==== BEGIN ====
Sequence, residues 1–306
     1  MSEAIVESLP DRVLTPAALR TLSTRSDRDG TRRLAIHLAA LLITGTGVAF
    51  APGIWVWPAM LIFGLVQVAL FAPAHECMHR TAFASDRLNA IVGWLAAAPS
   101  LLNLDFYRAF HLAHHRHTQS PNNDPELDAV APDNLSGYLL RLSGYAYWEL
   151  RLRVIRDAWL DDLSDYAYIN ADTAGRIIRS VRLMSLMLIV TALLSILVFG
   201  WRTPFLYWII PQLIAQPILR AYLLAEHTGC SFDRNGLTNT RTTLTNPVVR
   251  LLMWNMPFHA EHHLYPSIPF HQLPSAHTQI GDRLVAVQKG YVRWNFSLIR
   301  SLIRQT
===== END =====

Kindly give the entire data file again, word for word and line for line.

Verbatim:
Sequence, residues 1–306
     1  MSEAIVESLP DRVLTPAALR TLSTRSDRDG TRRLAIHLAA LLITGTGVAF
    51  APGIWVWPAM LIFGLVQVAL FAPAHECMHR TAFASDRLNA IVGWLAAAPS
   101  LLNLDFYRAF HLAHHRHTQS PNNDPELDAV APDNLSGYLL RLSGYAYWEL
   151  RLRVIRDAWL DDLSDYAYIN ADTAGRIIRS VRLMSLMLIV TALLSILVFG
   201  WRTPFLYWII PQLIAQPILR AYLLAEHTGC SFDRNGLTNT RTTLTNPVVR
   251  LLMWNMPFHA EHHLYPSIPF HQLPSAHTQI GDRLVAVQKG YVRWNFSLIR
   301  SLIRQT